Modern Publishing recently forged a strategic partnership with a company to develop a community online, which will have a retail presence, as well as a partnership with another firm to develop apps. "The question is, how do you run the new model and the traditional model?" asked Andrew Steinberg, president. "The new model brings no revenue."
Monster High—a Mattel property that launched online, followed quickly by toys and the first in a series of books by Lisi Harrison published by Little, Brown—is an example of online content being used to drive product sales. The 27 webisodes have generated 41 million views; the book was a bestseller on the New York Times list (the second book is coming out in the fall); and toys and licensed products are reportedly doing well.
Many digital initiatives are for children. "Kids want the same technology mom and dad have," said Tom McClure, director of marketing for VTech North America, a Toy Fair exhibitor that introduced the Innopad, an iPad-like device for interacting with downloadable kids' content such as games and e-books.
Rather than seeing online content as competition for physical products, publishers, manufacturers, and retailers increasingly see the two as synergistic. MerryMakers, a marketer of plush versions of children's book characters that showed its products at Toy Fair, said the company is looking into how to tie its products to e-books, perhaps on a publisher's or retailer's Web site. (Apple's app stores don't allow links to external products.) Betsy Foster, sales and marketing director, believes the value of a physical product such as plush will become more important as reading moves more into the digital realm. "It's a tangible thing that you don't have if you don't have a [print] book," she explained.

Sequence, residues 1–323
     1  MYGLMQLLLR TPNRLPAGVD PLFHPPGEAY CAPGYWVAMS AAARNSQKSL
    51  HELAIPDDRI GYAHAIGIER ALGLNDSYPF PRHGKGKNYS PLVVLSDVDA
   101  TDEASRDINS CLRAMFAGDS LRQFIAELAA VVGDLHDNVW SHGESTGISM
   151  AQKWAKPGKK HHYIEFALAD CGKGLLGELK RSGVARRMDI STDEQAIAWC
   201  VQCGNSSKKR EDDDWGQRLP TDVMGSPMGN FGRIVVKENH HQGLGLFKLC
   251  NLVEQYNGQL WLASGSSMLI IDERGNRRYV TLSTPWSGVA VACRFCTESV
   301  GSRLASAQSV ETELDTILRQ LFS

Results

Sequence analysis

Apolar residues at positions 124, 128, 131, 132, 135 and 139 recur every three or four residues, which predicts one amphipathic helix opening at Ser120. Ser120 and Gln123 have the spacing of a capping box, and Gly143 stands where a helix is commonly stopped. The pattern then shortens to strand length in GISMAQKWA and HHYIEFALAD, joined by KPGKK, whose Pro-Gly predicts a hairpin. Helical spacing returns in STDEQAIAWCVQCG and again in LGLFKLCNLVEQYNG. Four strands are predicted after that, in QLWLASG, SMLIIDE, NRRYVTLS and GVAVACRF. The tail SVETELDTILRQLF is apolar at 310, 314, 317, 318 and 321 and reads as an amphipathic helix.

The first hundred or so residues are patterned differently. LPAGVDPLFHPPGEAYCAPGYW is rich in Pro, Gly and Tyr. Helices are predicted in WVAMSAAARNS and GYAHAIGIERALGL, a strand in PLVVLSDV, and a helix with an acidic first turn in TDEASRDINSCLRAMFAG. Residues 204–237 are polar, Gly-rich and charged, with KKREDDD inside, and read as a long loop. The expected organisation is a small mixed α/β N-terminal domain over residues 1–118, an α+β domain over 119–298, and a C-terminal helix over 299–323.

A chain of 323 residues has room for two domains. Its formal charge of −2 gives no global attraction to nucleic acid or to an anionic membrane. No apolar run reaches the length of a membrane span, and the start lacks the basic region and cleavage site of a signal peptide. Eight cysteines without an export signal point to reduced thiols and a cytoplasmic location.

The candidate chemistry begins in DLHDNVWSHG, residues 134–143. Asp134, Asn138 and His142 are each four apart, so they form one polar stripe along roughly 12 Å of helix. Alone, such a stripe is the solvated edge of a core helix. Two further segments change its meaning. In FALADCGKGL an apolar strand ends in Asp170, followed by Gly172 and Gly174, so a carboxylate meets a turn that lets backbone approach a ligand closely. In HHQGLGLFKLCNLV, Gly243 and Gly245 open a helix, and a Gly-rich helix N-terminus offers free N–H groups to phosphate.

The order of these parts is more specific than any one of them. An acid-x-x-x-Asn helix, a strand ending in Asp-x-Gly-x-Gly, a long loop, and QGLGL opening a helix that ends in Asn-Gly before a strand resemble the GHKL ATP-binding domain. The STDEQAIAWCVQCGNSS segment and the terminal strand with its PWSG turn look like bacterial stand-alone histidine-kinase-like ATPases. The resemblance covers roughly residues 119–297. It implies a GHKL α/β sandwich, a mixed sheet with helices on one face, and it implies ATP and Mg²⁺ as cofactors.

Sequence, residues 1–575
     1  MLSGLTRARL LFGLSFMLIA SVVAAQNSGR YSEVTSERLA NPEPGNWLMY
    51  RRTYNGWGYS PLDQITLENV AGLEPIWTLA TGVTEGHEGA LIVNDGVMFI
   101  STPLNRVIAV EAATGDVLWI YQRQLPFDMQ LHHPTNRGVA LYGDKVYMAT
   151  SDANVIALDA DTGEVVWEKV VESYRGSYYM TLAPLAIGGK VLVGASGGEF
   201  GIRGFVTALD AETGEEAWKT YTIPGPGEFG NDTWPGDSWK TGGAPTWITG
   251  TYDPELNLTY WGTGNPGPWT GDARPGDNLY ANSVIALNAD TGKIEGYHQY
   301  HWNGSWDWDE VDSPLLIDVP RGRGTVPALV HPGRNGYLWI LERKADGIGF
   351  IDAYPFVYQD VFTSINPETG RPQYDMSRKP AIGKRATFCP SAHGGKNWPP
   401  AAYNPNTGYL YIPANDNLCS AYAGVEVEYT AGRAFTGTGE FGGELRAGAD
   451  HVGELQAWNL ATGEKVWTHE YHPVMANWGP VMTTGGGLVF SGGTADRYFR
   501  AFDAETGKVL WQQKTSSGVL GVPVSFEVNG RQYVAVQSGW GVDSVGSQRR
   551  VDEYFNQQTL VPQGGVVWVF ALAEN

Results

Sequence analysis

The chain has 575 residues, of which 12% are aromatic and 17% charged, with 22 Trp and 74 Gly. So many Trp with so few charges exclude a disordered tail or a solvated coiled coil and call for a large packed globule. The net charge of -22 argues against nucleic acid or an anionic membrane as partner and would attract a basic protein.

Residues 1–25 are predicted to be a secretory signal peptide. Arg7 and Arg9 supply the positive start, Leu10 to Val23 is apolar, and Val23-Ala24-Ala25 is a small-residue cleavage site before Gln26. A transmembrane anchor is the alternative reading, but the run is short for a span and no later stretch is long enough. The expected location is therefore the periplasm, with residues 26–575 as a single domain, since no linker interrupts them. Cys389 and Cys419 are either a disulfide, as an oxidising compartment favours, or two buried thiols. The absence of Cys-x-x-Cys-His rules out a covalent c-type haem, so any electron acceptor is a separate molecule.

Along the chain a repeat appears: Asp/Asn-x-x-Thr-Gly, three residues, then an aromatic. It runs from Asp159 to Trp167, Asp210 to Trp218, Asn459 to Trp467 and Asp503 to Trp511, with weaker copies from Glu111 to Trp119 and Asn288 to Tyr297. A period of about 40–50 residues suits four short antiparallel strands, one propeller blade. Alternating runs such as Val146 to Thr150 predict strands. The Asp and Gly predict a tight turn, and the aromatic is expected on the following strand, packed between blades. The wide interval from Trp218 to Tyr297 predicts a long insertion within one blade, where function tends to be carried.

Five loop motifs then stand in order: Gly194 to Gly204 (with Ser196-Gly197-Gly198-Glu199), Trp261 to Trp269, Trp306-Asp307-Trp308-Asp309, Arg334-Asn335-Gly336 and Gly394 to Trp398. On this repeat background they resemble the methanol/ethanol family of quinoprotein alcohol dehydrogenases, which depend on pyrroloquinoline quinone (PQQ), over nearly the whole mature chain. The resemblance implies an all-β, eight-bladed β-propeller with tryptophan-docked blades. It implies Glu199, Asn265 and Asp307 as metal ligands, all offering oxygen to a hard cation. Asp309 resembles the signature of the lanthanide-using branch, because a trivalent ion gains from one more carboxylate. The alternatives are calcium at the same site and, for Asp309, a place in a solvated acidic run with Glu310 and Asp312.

Barbara Peacock, managing director of Toy Fair exhibitor School Zone Interactive, which was touting its 15 e-book titles, priced at $1.99 each and available at Apple's iTunes App Store, Apple Store, and Intel's AppUp Center, noted that retailers appreciate the availability of online and mobile content. "It accredits us as a publisher," she said. "They want you to be all over, and that gives you credibility and provides value to consumers." She added, "Retail has shrunk. We can't get everything in the store any more. "
Competition among apps is fierce, which brings up questions of how to stand out in the crowd and how to decide which e-stores are the best platform. More than 650,000 mobile apps are available as of the first quarter of 2011, according to Joost Van Dreunen, president of SuperData Research, who said 400,000 of those are on the App Store and 230,000 on Android Marketplace.
A future development mentioned frequently throughout the Expo sessions was an upcoming change in mobile e-commerce in which U.S. consumers will increasingly use their mobile phones to pay for goods. This is common outside the U.S., but in the U.S. most mobile purchases are typically charged to a credit card rather than to the phone bill. Experts believe this change might drive additional purchases of digital content, thanks to the increased simplicity of the transaction.